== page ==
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Rosenwald Project Aimed To Improve Black, Southern, Rural Schools

In part one of Cassandra Bell's three part Black History Month series we take an inside look at the Rosenwald Project in eastern North Carolina.

A now dilapidated school in Creswell in Washington County, the Cherry Colored School, was part of a program conceived in the early 1900's by Booker T. Washington and philanthropist Julius Rosenwald. The program was a massive effort to improve black rural schools in the south.

"The school is where I started in 1940, but my parents even went here right after the school was built," said Charles L. Sutton who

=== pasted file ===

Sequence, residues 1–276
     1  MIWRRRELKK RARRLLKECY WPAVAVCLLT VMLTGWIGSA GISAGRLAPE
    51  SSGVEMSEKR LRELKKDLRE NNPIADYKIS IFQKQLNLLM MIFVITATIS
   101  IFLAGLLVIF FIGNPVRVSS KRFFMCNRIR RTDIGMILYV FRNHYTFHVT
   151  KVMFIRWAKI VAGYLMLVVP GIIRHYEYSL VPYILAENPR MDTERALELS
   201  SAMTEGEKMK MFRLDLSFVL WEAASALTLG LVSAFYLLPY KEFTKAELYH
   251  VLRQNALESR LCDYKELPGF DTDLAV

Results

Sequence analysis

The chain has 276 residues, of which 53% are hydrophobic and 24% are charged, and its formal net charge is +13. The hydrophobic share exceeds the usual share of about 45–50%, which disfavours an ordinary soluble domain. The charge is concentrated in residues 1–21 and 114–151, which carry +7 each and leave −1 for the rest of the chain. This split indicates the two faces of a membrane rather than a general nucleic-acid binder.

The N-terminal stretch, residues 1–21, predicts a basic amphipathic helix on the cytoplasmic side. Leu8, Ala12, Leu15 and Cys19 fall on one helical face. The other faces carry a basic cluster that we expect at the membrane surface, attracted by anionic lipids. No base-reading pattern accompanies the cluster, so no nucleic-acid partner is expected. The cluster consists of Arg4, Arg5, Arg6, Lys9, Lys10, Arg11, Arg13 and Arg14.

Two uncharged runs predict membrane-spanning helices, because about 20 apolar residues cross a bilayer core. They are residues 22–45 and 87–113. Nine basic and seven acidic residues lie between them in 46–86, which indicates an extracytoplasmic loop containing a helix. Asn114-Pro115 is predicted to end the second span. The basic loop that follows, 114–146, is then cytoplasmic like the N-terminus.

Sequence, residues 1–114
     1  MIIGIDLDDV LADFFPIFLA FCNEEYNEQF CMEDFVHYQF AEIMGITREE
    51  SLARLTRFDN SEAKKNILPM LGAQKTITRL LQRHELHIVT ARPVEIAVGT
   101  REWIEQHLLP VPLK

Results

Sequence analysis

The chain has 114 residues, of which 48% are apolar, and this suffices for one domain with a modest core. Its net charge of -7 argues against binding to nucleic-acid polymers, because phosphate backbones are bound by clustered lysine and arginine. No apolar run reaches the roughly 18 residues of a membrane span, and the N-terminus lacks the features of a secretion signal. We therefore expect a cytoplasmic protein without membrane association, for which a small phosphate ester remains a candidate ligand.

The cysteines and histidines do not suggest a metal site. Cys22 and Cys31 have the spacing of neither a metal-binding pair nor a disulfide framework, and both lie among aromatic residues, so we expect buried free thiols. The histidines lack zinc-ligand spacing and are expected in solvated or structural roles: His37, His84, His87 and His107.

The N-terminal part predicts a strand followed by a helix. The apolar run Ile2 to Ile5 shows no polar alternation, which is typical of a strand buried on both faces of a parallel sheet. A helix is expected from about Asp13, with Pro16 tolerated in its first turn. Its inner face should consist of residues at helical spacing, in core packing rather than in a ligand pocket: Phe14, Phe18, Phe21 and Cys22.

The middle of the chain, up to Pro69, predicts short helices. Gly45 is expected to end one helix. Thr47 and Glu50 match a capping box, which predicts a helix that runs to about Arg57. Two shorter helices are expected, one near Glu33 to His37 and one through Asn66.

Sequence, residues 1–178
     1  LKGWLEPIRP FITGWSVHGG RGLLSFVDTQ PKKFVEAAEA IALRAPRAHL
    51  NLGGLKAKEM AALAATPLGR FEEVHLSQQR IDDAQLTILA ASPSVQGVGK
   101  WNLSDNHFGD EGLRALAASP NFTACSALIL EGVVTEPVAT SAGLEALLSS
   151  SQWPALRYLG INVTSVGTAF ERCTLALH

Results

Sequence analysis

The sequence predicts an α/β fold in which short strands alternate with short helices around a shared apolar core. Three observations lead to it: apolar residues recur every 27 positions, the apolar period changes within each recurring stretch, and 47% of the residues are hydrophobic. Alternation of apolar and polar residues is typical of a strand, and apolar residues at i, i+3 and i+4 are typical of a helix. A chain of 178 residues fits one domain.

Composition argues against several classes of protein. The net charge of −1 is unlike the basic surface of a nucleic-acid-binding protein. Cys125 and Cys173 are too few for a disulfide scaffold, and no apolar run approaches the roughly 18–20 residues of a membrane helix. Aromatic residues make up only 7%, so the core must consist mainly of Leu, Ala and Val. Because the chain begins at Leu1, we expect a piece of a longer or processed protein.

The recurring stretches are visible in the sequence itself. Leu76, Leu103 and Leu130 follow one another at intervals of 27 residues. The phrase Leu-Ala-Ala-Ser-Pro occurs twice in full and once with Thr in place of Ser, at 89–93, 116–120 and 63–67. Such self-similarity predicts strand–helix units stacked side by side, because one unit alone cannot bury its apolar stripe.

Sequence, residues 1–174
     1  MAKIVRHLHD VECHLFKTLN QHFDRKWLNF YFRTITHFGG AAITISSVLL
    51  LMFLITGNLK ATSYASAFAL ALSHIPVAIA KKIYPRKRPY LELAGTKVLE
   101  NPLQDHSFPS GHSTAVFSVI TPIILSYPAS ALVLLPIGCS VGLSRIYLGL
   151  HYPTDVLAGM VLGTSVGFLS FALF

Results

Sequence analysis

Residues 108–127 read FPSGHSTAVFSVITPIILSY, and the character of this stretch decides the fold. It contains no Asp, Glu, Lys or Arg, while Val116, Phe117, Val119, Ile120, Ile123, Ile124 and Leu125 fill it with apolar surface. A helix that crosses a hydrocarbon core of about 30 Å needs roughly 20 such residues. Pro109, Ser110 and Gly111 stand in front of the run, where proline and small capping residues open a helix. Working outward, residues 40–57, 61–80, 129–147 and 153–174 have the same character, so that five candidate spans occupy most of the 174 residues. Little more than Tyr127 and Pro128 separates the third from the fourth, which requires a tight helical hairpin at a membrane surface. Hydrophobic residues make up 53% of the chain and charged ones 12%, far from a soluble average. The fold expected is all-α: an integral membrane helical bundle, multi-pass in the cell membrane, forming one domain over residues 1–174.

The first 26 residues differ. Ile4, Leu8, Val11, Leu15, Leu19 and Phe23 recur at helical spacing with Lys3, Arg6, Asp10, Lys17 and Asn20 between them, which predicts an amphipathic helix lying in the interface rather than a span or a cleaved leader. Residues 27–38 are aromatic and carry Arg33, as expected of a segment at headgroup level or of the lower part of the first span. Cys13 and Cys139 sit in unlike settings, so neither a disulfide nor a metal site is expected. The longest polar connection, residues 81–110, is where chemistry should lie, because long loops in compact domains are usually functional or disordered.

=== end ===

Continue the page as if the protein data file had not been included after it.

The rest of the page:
Attended St. Luke School.

By the 1930's more than 5300 Rosenwald buildings blanketed 15 southern states with our state getting the lions share- a record 800 Rosenwald schools were built in north carolina.

As many of these structures stand almost forgotten, and falling apart,Not all have let the light dim on this landmark in black history.

"It was a fun place, you enjoyed it It's so much that I'm still in love with it," said Sutton.

Sutton is in love and wanting to see the memory preserved.

Next week Cassandra Bell continues her look at the Rosenwald Project as we meet some of the students who attended schools in both Bertie and Martin counties.


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